[Sidebar] The Worcester Phoenix
December 19 - 26, 1997
[Food Reviews]
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Cocke 'n Kettle

A Blackstone Valley fixture still passes muster after all these years

by Jim Johnson

Cocke 'n Kettle, Route 122, Uxbridge
Tues.-Fri. 4-9 p.m.
Sat. 5-10 p.m. (or "when the last person's served")
Sun. 1-9 p.m.
Full bar
Major credit cards
Restrooms not handicap accessible

When I thought about the ideal place to invite Rhode Island-based relatives, the Cocke 'n Kettle immediately came to mind. The Uxbridge restaurant has been a Worcester County fixture for years, attracting families and couples (especially older ones) from both sides of the nearby Rhode Island border. I'd dined there a few years ago and knew that we could look forward to a relaxed evening of fine dining at a reasonable price.

The Cocke 'n Kettle has grown around a Georgian-style homestead dating back to the early 1800s. Although much of the old mansion is masked by dropped ceilings, paneling, and carpeting, its historic character persists, especially in the main dining room with its dark wood beams and four working fireplaces.

As we studied the menu, we nibbled on crackers accompanied by an herbed cheese dip and a small crock of red beans mixed with a creamy relish of onions, garlic, and cayenne. During my earlier visits, servers came by almost constantly with baskets of light and fluffy popovers and trays of corn fritters flavored with honey and dusted with confectioners' sugar. This time, they didn't arrive until later, and I wondered if the restaurant had stopped the custom. As a result, we over-ordered on the appetizer front.

Not that I heard any complaining.

The escargots ($5.45) had been stuffed into fresh mushroom caps and drenched in a garlic-laden, herbed butter sauce. We soaked up any remnants with a loaf of bread served on a cutting board.

Fresh mozzarella ($5.95) was silky and fresh, served in a floral pattern with petals of basil leaves and sliced cherry tomatoes. The baked stuffed clams casino ($5.95) tasted as if they'd been shucked and stuffed moments earlier. The bread stuffing was moistened with broth instead of the more typical butter, leaving a more enhanced, natural flavor.

Finally, the fresh lobster bisque ($4.75) was a rich reduction of lobster broth and cream, with plenty of lobster bits and more sherry than usual. The solid lobster flavor more than stood up to the liquor, making for a brilliant complement of pungent wine and rich seafood.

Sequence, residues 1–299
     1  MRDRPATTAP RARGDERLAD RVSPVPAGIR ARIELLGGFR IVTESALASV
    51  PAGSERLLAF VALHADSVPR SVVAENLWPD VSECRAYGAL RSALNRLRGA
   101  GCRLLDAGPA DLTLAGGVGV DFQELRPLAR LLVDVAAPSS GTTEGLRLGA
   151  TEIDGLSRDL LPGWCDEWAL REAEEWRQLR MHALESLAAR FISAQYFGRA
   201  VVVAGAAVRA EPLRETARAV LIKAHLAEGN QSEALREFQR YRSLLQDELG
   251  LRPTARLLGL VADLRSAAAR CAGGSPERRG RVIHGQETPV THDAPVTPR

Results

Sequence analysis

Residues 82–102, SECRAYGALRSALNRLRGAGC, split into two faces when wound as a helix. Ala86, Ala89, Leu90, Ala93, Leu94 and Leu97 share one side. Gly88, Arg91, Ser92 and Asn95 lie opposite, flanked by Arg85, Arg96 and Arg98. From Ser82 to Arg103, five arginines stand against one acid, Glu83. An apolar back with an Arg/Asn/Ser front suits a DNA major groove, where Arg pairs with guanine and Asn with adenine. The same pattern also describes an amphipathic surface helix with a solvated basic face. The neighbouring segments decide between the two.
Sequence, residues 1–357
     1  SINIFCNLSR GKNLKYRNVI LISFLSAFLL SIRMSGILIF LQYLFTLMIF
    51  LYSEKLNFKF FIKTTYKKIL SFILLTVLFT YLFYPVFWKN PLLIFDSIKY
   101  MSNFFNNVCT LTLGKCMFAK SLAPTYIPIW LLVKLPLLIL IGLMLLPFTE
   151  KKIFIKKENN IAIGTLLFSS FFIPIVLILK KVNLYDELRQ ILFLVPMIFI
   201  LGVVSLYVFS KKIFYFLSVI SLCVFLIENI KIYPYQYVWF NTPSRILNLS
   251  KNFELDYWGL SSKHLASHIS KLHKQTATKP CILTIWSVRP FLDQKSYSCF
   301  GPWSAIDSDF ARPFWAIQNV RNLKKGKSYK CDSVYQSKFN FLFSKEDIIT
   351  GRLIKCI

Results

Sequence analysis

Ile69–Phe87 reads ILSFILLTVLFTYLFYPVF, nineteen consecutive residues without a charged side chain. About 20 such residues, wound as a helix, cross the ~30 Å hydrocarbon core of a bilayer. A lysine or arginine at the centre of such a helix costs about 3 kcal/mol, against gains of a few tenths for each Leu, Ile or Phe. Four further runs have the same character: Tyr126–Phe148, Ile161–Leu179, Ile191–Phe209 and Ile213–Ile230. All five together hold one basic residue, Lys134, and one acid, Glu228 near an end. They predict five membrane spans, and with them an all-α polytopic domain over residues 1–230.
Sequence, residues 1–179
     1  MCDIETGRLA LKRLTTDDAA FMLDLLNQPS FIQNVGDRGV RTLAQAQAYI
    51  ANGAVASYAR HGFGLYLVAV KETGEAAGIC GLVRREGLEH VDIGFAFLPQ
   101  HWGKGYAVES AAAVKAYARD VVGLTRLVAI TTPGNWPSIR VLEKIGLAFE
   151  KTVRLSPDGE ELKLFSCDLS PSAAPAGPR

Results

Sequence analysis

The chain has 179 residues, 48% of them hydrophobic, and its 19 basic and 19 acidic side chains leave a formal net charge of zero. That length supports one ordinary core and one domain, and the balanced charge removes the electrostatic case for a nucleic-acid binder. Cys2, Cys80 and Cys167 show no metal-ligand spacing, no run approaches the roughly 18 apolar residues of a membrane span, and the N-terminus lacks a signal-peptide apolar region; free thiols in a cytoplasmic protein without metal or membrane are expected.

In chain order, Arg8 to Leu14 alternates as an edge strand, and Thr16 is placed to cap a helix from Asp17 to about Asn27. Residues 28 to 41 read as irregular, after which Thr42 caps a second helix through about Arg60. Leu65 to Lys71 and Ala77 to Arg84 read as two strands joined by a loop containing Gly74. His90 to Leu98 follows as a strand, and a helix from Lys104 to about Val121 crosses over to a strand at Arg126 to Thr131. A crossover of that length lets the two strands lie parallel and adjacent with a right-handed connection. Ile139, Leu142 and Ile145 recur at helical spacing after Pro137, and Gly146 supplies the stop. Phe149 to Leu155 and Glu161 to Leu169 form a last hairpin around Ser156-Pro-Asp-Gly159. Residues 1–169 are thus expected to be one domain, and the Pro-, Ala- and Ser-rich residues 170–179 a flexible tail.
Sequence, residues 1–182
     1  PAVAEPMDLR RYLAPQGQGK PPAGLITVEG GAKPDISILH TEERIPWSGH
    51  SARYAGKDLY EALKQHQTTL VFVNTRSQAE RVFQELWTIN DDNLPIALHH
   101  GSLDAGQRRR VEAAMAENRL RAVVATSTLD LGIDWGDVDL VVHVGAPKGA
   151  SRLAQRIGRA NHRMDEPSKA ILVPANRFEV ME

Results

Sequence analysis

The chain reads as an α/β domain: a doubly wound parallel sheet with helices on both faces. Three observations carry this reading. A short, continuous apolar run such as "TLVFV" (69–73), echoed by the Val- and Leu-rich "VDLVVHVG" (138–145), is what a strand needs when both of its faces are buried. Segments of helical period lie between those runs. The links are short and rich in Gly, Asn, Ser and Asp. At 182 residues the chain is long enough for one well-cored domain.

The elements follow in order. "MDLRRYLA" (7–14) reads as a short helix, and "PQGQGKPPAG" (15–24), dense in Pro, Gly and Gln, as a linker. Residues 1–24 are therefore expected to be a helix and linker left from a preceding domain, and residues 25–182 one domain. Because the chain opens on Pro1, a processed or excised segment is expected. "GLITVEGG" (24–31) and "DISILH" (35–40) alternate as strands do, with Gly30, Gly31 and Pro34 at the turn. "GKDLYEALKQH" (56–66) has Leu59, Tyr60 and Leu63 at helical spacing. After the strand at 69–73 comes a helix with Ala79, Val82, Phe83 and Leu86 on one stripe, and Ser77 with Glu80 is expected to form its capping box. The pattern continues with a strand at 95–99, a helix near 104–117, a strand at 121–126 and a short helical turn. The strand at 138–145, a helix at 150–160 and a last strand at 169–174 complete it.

About half of the menu consisted of steaks, chops, and veal. Meat-eaters will enjoy the choice of rack of lamb ($19.45 for one person, $37 for two), a one-pound broiled sirloin steak ($17.95), veal parmesan ($13.45), and petite filet mignon ($13.95). Seafood choices included broiled swordfish ($17.95), fried scallops ($14.95), broiled Norwegian salmon ($13.95), and jumbo shrimp ($16.45) stuffed with lobster and crabmeat with a splash of sherry. Of the cocke variety, there was a choice of chicken cordon bleu ($11.95), chicken parmigiana ($11.95), and broiled chicken breast ($10.95).

The Cocke 'n Kettle also offers nightly specials, as well as three complete dinners with salad, pasta, dessert, and beverage for under $10. The evening of our visit, choices included tenderloin tips, baked haddock, and stuffed chicken breast.

Three of our party had placed their orders before I asked if there were any specials. After our server belatedly read her lengthy list, I shifted to veal chop saltimbocca ($14.95).

Many menu choices are marked with asterisks to note that smaller portions are available at half-price for children. Our server mentioned that, noting the 10-year-old sitting across from me. Undaunted, the youngster ordered the most monstrous item of the four of us. At least he ordered the queen cut of prime rib ($15.75). If heredity plays any role in his life, he'll be ordering king cuts in no time.

Lest he become ill from such a large portion, I offered to help. He'd ordered medium rare, and that was exactly what he got. Juices oozed from the pink meat that had a minimal fat other than a good balance of marbling. He barely needed his knife to cut off a large chunk from the bone. It was as tender and moist as it looked.

The veal francaise ($13.95) was equally good, three tender medallions pounded thin, dredged in a slightly eggy breading, and sautéed with capers and lemon butter. Likewise, the broiled brook trout ($13.95), split into a butterflied, boned filet, was superb, though the broiling involved more butter than expected. A topping of lobster and crabmeat was an added bonus.

The veal chop was at least two inches thick, served in a thick demi-glace with mushrooms and a bed of spinach, both ingredients added pungent intrigue.

With so much food on the table, our youngest tablemate made an accurate and humorous observation: "This is just like a buffet, but you don't have to get up!" Indeed, our table did resemble a buffet, due in part to the strolling fritter-and-popover woman and in greater part to the appetizer dishes remaining far too long into our entree course.

Somehow, we found room for dessert: a heavenly eggy creme brulee browned to crispy, caramelized perfection; a monstrous ice-cream puff; and chocolate mousse served in edible Godiva chocolate shells. We spent about $22 per person but could easily have shaved it to $17 or so.

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